So you try yet another diet. At the start, your motivation is high but soon you hit a roadblock—you don’t lose weight as quickly as you thought you would, you miss going out for drinks with your friends, you get too busy at work to exercise, meal prep begins to feel too hard—and your motivation starts to dwindle. With each new diet attempt, your ability to sustain motivation gets smaller.
That’s because each time you try to lose weight on a diet, it’s harder and harder. The weight is more stubborn; your body is more reluctant to let the fat go, and your willpower diminishes with each new attempt.
So instead of losing weight and keeping it off, each time you try another diet, you end up losing willpower, and then you regain more weight than you lost in the first place. Over time, your relationship with food gets worse and worse, and your weight goes up and up.
It’s not your fault. Diets set you up for failure. The good news is that once you become aware of diets in disguise and decide you’re ready to live a truly diet-free life, without restriction, counting calories or clean eating, you can learn how to keep it real, stop obsessing and never be a victim of diets again.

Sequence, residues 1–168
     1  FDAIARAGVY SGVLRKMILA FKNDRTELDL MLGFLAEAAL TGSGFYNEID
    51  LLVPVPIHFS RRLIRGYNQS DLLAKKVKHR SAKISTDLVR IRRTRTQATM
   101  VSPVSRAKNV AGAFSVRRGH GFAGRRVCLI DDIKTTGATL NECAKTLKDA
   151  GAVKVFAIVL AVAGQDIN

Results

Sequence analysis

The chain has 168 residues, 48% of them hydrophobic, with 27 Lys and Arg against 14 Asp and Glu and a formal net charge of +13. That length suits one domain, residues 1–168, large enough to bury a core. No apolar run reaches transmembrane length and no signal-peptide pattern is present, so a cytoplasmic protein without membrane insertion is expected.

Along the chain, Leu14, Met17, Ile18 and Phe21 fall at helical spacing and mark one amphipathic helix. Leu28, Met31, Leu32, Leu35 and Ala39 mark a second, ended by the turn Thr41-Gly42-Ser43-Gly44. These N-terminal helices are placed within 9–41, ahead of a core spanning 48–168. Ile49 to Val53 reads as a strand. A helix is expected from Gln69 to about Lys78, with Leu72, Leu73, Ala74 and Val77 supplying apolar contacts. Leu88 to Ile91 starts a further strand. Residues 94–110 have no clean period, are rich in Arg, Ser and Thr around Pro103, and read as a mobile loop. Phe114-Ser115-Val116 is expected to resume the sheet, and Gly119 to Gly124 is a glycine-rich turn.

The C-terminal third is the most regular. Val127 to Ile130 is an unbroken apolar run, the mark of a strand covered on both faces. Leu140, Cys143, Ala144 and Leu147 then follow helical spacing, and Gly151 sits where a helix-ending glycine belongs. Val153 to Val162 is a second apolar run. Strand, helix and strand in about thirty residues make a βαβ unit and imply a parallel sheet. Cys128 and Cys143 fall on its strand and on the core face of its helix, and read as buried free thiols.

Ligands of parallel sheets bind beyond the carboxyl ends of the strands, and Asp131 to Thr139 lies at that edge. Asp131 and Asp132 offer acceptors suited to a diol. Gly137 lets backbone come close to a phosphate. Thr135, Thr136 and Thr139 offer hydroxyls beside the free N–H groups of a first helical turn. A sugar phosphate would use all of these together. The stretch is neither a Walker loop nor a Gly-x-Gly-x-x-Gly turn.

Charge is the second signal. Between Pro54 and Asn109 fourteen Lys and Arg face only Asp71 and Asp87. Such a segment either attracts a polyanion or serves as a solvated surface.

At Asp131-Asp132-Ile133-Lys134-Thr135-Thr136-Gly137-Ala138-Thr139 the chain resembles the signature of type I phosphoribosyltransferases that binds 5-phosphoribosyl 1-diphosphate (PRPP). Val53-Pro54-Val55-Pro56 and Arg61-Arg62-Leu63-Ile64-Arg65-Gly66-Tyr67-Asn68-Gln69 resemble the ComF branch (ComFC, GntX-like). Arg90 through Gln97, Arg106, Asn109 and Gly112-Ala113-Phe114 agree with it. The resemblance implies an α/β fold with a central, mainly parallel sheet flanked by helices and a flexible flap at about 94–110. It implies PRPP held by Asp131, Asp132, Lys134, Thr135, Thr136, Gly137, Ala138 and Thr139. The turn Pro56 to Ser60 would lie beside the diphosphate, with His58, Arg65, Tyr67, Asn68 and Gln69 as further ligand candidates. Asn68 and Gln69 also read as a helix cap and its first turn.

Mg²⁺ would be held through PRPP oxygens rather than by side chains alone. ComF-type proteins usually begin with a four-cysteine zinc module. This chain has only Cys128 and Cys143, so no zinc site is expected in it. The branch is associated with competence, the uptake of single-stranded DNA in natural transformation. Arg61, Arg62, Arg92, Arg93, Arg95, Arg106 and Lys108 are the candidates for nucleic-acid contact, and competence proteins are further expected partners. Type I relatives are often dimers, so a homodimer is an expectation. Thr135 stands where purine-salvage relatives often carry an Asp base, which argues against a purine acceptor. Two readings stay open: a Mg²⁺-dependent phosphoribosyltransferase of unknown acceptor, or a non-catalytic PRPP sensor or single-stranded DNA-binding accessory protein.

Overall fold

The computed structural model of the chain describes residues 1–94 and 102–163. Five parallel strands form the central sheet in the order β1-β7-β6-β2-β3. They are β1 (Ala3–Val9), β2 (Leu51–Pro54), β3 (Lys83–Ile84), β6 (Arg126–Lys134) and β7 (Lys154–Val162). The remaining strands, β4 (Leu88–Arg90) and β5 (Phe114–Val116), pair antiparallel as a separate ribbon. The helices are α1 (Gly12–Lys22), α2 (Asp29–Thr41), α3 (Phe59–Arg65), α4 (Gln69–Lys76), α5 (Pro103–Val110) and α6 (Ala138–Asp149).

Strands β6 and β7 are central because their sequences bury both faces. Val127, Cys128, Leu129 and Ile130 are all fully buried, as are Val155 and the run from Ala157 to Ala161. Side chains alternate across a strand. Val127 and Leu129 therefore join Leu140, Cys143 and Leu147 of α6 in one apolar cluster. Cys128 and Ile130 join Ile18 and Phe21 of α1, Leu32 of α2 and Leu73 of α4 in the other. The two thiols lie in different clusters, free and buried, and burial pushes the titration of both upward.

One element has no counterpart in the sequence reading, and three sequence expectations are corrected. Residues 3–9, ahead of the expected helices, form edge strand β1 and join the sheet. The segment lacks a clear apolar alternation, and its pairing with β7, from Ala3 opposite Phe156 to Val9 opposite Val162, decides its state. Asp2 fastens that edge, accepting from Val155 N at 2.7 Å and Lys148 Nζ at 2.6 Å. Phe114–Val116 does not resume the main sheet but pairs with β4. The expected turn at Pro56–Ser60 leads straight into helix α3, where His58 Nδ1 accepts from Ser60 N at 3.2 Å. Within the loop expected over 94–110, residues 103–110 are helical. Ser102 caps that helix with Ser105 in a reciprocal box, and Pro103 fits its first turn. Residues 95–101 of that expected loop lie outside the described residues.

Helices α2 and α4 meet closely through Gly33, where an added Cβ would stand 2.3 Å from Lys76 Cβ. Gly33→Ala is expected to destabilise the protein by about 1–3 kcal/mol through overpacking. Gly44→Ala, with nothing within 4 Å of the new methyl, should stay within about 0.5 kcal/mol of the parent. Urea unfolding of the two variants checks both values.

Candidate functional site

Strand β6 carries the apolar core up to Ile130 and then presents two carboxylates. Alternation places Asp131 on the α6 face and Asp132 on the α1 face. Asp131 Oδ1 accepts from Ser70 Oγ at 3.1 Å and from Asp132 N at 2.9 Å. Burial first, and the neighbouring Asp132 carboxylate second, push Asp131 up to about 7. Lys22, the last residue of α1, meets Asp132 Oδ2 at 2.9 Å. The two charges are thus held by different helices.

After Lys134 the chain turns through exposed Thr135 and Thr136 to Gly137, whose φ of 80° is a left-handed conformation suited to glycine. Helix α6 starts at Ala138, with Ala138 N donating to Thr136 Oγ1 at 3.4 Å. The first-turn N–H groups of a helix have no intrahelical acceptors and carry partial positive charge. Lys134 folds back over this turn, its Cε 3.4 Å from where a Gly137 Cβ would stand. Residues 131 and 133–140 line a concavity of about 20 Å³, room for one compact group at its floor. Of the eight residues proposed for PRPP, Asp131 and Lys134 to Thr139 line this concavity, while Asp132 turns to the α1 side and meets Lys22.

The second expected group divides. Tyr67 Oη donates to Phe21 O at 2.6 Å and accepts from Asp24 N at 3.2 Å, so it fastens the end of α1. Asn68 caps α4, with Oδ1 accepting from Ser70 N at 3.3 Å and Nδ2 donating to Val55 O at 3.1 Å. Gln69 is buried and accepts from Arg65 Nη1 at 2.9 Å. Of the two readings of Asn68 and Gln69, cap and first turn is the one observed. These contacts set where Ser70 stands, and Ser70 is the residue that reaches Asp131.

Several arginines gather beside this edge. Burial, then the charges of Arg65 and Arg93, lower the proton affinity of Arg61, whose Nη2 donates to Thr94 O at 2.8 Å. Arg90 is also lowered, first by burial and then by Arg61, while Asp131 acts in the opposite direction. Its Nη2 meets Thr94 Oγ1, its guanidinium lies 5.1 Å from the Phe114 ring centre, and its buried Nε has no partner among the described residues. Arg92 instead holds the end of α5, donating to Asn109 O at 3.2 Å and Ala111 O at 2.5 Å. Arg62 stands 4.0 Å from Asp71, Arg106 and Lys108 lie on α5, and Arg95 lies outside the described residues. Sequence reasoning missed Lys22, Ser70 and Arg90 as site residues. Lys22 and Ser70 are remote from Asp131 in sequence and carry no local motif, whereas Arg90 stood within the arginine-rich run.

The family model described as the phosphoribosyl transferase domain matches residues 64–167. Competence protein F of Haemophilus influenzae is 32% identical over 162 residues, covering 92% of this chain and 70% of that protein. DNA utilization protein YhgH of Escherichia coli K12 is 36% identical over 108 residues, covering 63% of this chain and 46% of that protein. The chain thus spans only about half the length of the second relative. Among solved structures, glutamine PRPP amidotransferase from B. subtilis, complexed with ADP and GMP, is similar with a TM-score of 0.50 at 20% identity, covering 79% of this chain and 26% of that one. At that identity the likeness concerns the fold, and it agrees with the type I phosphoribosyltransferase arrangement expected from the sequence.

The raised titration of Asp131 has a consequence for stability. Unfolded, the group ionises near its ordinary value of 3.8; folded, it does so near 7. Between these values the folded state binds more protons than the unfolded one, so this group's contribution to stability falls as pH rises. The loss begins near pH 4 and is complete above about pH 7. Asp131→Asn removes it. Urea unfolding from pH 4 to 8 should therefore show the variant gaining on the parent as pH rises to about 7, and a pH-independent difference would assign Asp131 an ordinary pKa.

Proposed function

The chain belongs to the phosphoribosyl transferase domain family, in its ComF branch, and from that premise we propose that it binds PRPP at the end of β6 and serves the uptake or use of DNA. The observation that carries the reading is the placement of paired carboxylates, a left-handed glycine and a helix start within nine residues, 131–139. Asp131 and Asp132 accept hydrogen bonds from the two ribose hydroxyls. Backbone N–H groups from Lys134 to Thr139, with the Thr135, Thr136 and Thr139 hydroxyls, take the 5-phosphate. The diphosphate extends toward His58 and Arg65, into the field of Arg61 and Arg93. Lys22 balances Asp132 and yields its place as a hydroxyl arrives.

The first step is to ditch those pesky dieting rules that keep you stuck in the emotional-eating, food-guilt and body-hate cycle. To do this, you need to become aware of all the food rules you currently subscribe to.
Are you on a diet in disguise?
You might not be aware of the extent to which your eating is dictated by dieting rules. Try this simple exercise: photocopy the worksheet on the facing page and fill in the answers, then consider the following questions.
For each diet rule you ticked, ask yourself:
Do I feel guilty when I don’t do this behaviour?
When I break this diet rule, do I feel bad about myself or feel guilty?
Does this behaviour cause me to think about food more? Does it make me feel obsessed with food?
If the answer to any of these questions is yes, then this diet rule is most certainly a diet in disguise.
Like getting over an ex, the less time you spend thinking about it, the easier it is. Dieting rules often make you think about food more, which does not help you eat less or more nutritiously.
From now on, notice when you start to ask yourself: ‘Am I allowed to eat this?’ Asking this questions is a symptom of being stuck in the diet mentality. Because of course you’re allowed to eat it. The more important question is: do you want to eat it? How will eating it make you feel? Food must be a choice, not feel like a prison sentence.
Changing the question to, ‘I am allowed to eat that, but do I really want to?’ is the key. The distinctions are subtle, but can make an oh-so-significant difference.